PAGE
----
Jesudasan, a young man from Vavuniya in northern Sri Lanka, was being held in the “F” ward where detainees were involved in a protest against the miserable conditions they faced. One of their demands was for an additional access door from “F” ward to other wards. At present they are chained every time they are taken to the temple, the library and the medical clinic in other areas of the prison. The prisoners said they also had to pass an army sentry point and feared for their lives.

Initial negotiations between the prisoners and authorities failed. In a discussion on January 6, the Commissioner General of Prisons promised a separate library, temple and medical clinic within the “F” ward but refused the demand for an access door. While making the concessions the Commissioner also demanded a search of the ward, claiming the detainees had hidden weapons and were preparing to riot. The detainees rejected the allegations but agreed to the inspection.

It is now clear that the final round of negotiations was a ploy to allow prison officers in riot gear and armed with batons and other weapons to enter the ward.

Ramesh Mohan, an “F” ward prisoner, told the court that after the talks the detainees had been asked to assemble in the dinning area with their bags and belongings. Armed officers entered the ward and asked Thamil Chelvam, a representative of the detainees, to help line up the detainees. As he stepped forward, an officer struck him with a baton, provoking a protest.

“Rocks were hurled at us over the wall. We ran in all directions. Then came the tear gas attack. I had a burning sensation in my eyes and ran up to the water tank where we were beaten up again by the prison guards,” Ramesh said.

He explained how Jesudasan was attacked. “When Jesudasan tried to run to the other side, seeing the beating, he was also beaten up. I don't know them by name but I know and can identify those who assaulted him. I was watching the incident from a distance of 20 feet.

“I saw very clearly the Commissioner General and his people who came with him at the scene... If any harm should come to me in the prison after this testimony it will be due to what I am saying today.”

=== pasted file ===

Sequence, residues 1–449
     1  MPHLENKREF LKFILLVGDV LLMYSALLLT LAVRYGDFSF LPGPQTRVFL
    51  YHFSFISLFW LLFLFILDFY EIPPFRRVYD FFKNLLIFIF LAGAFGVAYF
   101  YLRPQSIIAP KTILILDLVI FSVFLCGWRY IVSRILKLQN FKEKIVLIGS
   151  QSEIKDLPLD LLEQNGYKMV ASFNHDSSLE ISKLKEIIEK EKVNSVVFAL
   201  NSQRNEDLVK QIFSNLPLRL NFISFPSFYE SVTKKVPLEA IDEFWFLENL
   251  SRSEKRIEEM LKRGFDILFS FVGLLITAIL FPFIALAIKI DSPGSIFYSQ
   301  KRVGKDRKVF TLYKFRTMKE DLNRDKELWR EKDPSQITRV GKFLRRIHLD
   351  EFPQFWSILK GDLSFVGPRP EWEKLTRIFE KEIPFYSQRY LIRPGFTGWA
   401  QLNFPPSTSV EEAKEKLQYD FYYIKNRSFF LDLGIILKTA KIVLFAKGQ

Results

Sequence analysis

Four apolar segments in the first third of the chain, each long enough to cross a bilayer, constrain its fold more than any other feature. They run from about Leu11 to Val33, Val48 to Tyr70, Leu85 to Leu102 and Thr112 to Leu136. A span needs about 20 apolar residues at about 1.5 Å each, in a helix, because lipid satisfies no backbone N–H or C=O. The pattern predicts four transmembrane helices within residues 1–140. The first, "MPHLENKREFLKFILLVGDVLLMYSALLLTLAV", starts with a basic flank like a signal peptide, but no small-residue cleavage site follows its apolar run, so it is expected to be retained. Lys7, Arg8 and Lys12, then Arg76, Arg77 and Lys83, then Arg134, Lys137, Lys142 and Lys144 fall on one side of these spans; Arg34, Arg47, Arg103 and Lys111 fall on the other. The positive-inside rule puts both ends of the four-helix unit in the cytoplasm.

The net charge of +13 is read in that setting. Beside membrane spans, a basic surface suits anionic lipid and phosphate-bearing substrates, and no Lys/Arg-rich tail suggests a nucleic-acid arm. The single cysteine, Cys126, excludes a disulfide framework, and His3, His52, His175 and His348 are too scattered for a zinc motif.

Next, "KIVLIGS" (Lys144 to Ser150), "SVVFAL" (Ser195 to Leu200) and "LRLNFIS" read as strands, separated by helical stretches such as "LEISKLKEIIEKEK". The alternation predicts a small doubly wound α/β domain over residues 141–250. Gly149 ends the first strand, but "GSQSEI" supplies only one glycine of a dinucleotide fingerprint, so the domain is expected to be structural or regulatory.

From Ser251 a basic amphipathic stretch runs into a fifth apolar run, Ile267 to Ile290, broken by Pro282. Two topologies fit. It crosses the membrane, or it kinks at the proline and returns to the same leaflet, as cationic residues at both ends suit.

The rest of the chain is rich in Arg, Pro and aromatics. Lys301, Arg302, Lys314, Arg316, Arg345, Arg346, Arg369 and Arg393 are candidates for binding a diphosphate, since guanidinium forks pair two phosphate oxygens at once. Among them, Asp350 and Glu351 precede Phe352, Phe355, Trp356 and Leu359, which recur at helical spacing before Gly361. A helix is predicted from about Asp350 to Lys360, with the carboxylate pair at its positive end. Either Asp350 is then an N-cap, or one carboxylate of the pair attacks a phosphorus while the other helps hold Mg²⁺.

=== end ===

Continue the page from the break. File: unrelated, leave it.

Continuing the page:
The Commissioner General, the top prison official in Sri Lanka, was not subpoenaed to appear at the inquest. But the testimony of K.M.R. Kulathunge, the Kalutara Prison superintendent, showed that the attack on the prisoners was planned in advance.

“At my request a group of guards from Colombo also came with the Commissioner General and his assistants. This was to control a possible riot. The officers of the Kalutara Prison were afraid to go inside the ward,” he said. “Prisoners were out of our officers' supervision for some time so we needed to search the ward. Therefore a group of officers led by Assistant Commissioner Casige went inside the ward to search. Assistant Commissioner Herbert ordered me not to use officers from Kalutara Prison in the search and wanted 12 men from Colombo to perform the job.”

The following day Sirikumar was killed in “C” ward. He had been arrested after coming to Colombo from Jaffna in the north for a course in Computer Studies. He was married with one child.

Pasupathi Dharmaraja, a “C” ward prisoner, explained to the inquest what happened. “On the morning of January 7, we inquired from the officers who came to open the gate about what happened on the previous day in “F” ward. But they refused to say anything about the incident. Then we requested a meeting with the Superintendent, which was also denied to us. Instead they locked the main gate and one officer blew the warning whistle. Then we understood the consequences. We already knew how two of our inmates were cut to death in 1997 in the same Kalutara prison.